IOC President Thomas Bach welcomed Russia to Lausanne 2020 ©Getty Images

International Olympic Committee (IOC) President Thomas Bach has reassured Russian athletes they are free to compete like any other country until the Court of Arbitration for Sport (CAS) delivers its ruling in the long-running doping scandal.

Bach said athletes from the national are entitled to "enjoy the same rights and obligations" as all other athletes pending the CAS decision after Russia appealed the range of sanctions imposed by the World Anti-Doping Agency (WADA).

The IOC President claimed this was "particularly true for this young generation of Russian athletes" and welcomed those set to take part in the Winter Youth Olympic Games which open here tomorrow.

A total of 107 Russian athletes are set to compete at Lausanne 2020, an event not covered by the package of sanctions handed down by WADA as punishment for Russia manipulating data from the Moscow Laboratory.

Russia will have the largest delegation at the Games behind hosts Switzerland, whose team comprises 112 athletes.

The sanctions include a ban on the Russian flag at major events such as the Olympic Games, while only Russian competitors who can prove they were not implicated in the doping scandal or the cover-up will be able to participate.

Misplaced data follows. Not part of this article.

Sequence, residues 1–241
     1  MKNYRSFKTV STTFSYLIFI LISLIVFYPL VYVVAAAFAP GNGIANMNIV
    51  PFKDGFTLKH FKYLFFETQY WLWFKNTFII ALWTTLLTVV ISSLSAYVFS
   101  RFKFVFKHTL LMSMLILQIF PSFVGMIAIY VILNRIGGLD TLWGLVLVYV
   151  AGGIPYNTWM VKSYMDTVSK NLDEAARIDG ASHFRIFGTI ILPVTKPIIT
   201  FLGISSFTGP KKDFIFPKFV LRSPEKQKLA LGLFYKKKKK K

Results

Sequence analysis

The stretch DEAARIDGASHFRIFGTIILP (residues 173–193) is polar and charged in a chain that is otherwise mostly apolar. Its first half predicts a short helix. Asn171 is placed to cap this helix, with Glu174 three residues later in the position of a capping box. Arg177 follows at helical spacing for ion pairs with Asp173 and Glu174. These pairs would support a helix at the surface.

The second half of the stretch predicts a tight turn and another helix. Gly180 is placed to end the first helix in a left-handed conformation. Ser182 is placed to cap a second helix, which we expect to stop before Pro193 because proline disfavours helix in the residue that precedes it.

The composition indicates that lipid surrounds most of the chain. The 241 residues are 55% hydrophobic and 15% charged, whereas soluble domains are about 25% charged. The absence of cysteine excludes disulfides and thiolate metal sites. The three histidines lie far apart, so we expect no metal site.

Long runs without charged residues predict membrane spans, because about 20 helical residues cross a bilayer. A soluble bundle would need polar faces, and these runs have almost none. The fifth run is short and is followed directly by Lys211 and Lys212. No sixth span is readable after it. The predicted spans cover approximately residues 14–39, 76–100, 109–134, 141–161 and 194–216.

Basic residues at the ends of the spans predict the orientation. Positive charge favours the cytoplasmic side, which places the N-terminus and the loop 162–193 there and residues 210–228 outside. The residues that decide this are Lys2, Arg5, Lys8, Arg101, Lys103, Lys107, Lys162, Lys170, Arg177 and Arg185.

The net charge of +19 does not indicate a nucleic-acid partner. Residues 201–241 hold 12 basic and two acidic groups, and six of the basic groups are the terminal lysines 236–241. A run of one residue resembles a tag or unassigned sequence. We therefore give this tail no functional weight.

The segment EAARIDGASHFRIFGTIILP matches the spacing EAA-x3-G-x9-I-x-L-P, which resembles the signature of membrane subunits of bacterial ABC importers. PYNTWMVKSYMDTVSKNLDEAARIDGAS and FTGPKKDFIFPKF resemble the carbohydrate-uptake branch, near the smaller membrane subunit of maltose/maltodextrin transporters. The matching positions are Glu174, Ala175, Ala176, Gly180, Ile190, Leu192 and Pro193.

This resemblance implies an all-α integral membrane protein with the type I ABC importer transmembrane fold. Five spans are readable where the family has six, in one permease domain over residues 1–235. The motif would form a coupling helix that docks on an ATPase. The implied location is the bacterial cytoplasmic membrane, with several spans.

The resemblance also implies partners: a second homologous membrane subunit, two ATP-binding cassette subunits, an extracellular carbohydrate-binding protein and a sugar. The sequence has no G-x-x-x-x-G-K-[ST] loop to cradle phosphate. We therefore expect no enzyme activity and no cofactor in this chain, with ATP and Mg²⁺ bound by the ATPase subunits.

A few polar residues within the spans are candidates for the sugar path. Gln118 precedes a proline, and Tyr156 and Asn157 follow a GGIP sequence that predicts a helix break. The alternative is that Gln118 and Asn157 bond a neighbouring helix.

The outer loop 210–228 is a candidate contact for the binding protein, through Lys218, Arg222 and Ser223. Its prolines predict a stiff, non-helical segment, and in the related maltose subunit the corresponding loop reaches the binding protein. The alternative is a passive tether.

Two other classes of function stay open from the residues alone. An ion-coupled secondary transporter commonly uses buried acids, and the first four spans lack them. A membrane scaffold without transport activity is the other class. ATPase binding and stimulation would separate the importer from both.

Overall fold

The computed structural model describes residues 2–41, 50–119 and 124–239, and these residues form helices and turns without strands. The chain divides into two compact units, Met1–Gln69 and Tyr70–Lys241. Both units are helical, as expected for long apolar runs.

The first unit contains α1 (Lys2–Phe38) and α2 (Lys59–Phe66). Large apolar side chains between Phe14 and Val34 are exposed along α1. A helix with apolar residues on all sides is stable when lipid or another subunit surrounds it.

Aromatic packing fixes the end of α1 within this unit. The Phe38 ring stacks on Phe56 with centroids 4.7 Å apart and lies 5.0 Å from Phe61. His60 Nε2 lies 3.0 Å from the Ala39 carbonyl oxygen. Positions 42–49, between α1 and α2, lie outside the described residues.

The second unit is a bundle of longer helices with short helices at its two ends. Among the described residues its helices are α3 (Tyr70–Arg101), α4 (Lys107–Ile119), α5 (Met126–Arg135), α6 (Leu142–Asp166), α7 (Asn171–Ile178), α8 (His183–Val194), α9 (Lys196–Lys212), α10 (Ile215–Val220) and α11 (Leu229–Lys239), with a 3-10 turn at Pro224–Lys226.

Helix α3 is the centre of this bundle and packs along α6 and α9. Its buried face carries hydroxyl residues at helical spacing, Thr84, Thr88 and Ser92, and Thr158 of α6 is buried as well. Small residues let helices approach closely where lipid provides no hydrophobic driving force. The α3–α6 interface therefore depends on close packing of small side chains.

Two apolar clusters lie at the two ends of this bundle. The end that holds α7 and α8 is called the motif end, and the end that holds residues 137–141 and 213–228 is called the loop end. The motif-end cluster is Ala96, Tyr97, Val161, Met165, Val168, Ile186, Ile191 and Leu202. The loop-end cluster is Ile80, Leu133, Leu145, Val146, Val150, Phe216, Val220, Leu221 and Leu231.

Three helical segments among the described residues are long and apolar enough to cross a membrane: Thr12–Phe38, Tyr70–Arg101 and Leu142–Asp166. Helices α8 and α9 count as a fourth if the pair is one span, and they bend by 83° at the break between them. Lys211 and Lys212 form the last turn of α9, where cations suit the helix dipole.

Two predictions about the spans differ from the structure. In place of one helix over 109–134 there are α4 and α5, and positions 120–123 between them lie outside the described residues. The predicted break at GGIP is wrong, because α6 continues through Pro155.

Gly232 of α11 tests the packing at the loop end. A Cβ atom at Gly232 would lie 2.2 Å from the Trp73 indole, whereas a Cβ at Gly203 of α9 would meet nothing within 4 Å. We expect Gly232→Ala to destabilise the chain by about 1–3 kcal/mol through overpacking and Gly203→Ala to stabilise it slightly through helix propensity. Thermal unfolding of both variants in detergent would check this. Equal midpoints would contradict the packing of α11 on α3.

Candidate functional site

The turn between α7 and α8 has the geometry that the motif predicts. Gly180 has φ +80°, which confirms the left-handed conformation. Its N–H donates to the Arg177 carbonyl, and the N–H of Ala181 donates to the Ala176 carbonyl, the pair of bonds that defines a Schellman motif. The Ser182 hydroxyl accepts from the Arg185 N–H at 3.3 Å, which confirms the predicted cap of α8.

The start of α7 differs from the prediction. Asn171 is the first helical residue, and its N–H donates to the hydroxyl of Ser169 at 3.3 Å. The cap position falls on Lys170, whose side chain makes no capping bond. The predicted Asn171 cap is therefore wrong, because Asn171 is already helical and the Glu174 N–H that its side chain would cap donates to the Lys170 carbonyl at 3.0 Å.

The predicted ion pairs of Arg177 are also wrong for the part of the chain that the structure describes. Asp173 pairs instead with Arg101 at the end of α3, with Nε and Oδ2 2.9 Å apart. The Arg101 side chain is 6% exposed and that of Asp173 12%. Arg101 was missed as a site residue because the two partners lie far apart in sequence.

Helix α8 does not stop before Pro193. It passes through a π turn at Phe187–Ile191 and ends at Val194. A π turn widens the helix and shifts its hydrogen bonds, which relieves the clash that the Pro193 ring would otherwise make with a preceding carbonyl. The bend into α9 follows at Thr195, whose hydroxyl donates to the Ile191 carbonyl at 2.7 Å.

Russia has sent 107 athletes to compete at Lausanne 2020 ©Lausanne 2020
Russia has sent 107 athletes to compete at Lausanne 2020 ©Lausanne 2020

The sanctions will only come into force once the CAS has delivered its verdict.

It will then be up to International Federations to determine the extent of Russian participation at major events.

"The Russian team is welcome at this Youth Olympic Games like any other team participating here," Bach said here.

"A final decision has not been taken on the doping issues and the manipulation of the data in Russia, so until there is a final decision, the Russian athletes are enjoying the same rights and obligations as all the other athletes.”

The Russian Anti-Doping Agency confirmed it would appeal the WADA decision last month, triggering a case at the CAS which is set to drag on towards this year’s Olympic and Paralympic Games in Tokyo.

Should CAS rule in WADA's favour, it will be mandatory for all signatories of the World Anti-Doping Code - including the IOC - to enact the punishments, labelled "unfair" by Russian President Vladimir Putin.